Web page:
Tuesday, 2 October 2007

The Failure of Existentialism

Existentialism, it has been said, was always going to fail because it requires people to take total responsibility for their actions. This is largely true. Many people are of the opinion that they have an essence that defines them, a non-physical substance that is them. It is the way that they have always been. It is who they are now. It is who they will be tomorrow.

You'll be able to figure out these people when they use expressions like, "But I'm not like that." or "I've always been this way, and I'm never going to change." or "I've learnt so much about myself." It's almost as though they have separated themselves into two parts. One part is the "I" that is making the comment. The other part is the "me" that is waiting to be discovered. But let me ask you, which is the "I" that has free will and makes choices? Is it the "I" or the "me"? Does the "I" take orders from the "me"? Where is the autonomy of that person?

Other manifestations of this belief are found in the idea that every life was created to complete some task; a telos. If this is the case, how do we determine what that task is? Typically the answer to this is something banal like "follow your heart." Unfortunately, there are a great many people who cause harm to others by following their hearts. Robert Mugabe sincerely believes that he is helping the Zimbabwean people. George W. Bush sincerely believes that he is helping the cause of freedom (whatever that means). Following your heart to find your cosmically appointed task is an act of self-indulgence, coloured with claims of divine right.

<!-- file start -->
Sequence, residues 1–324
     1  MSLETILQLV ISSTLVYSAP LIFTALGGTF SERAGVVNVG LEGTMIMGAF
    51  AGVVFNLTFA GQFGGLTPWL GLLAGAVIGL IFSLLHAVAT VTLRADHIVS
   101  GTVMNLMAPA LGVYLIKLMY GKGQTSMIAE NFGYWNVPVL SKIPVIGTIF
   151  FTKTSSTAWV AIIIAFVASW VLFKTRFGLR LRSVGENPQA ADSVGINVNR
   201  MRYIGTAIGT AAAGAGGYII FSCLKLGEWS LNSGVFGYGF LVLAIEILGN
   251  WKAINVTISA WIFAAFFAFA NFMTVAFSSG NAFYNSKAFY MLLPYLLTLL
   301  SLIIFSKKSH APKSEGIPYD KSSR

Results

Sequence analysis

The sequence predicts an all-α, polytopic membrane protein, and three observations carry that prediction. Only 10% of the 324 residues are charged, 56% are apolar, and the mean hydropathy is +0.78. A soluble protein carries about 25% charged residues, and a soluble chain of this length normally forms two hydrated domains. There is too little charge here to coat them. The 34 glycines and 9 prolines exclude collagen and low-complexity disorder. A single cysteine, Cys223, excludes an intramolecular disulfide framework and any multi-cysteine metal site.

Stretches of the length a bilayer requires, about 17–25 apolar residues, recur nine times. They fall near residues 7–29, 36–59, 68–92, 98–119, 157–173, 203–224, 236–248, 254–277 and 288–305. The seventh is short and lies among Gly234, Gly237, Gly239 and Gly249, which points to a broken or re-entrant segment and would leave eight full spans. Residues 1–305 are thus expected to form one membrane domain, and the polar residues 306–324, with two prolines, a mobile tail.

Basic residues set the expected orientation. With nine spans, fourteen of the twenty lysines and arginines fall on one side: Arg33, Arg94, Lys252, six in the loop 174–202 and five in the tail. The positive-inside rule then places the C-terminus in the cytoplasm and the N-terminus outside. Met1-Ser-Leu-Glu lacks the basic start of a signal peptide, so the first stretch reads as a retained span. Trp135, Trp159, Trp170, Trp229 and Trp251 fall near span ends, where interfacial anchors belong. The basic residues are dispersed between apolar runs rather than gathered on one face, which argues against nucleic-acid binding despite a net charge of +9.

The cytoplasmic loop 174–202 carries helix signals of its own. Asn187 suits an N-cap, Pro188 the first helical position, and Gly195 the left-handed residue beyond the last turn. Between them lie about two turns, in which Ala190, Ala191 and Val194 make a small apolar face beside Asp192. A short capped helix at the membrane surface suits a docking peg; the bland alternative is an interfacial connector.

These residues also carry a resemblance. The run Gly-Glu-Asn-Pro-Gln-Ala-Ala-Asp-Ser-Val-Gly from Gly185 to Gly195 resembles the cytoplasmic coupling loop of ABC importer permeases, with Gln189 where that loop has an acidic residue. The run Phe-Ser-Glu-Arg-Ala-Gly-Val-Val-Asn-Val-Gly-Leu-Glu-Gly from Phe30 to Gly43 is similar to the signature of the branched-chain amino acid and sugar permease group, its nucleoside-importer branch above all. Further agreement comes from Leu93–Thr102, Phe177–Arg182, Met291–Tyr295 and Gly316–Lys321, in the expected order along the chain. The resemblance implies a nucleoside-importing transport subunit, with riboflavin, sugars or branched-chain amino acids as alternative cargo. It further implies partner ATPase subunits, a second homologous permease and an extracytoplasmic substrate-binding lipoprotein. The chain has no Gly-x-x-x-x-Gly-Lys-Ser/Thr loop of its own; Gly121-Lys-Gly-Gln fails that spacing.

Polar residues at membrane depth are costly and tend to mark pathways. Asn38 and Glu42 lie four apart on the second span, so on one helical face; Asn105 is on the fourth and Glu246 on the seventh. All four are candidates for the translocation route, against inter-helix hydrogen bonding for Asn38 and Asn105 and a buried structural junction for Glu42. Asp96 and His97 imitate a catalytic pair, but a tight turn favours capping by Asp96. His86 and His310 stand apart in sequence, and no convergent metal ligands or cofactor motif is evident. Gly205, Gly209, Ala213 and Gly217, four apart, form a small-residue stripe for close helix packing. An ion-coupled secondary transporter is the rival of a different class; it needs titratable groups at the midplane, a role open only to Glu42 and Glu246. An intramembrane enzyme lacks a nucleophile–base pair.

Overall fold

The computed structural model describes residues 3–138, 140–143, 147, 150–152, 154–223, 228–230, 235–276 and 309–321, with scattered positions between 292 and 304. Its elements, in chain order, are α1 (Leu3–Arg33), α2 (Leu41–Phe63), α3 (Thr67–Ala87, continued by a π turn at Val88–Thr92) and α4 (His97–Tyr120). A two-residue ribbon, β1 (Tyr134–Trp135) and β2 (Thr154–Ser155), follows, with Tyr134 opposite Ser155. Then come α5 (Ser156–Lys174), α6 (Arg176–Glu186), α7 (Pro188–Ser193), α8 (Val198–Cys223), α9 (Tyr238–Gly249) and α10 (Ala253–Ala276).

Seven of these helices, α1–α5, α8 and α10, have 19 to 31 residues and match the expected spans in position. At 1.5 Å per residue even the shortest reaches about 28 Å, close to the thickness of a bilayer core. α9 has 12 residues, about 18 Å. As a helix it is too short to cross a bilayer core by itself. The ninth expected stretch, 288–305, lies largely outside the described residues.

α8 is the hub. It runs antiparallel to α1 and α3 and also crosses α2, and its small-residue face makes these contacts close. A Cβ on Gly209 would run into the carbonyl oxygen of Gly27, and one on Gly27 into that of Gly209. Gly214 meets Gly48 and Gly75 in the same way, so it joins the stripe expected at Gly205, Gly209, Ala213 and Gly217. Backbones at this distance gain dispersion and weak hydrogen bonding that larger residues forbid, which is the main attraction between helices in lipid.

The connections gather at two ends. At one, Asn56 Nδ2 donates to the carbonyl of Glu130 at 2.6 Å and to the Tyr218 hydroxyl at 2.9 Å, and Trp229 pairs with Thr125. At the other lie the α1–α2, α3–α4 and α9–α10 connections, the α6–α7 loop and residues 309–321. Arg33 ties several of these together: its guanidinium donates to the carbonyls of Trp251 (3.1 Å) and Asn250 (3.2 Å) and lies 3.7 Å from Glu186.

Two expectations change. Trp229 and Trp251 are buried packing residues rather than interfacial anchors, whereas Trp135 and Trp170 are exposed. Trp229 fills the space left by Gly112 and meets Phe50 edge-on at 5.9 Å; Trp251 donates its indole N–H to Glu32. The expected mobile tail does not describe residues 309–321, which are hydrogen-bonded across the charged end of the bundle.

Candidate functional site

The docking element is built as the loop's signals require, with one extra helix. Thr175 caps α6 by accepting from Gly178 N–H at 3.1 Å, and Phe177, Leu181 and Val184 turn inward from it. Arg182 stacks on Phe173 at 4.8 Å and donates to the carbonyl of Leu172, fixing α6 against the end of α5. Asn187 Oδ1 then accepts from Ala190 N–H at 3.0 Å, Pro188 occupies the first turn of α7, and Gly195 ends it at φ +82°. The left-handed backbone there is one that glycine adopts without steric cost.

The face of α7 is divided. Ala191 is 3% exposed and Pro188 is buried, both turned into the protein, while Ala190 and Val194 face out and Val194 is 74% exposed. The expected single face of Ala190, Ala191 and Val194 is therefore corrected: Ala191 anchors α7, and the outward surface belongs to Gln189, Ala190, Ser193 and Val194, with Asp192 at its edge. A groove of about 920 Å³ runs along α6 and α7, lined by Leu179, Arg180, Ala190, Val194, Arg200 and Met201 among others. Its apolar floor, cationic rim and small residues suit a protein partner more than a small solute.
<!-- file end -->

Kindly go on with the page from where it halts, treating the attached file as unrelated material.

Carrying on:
The alternative to this is the primacy of choice. That is to say, each person has the capacity for free thought, for spontaneous thought. Human consciousness is capable of creating ideas from nothing; ex nihilo. We are capable, in each and every situation, of choosing to do something that we have never done before, or something that is vastly unlike anything we have done before. A pacifist can choose to shoot another person in the head. A heterosexual man can choose to engage in homosexual activity. A man who gets into drunken fights can choose to lower his fists. Each and every example like this is possible through the primacy of choice.

And beyond that, the consequence of such choices perform two functions. They define the person who performs the act (not the other way around), and they become an irrevocable part of that person's history. The agent of a free will action cannot hide from that action. To do so is to deny that they have free will, the power of choice. Of course existentialism fell out of favour. It leaves us with no one else to blame for our mistakes. The only room it gives for us is the infinite potential of our next free will choice.
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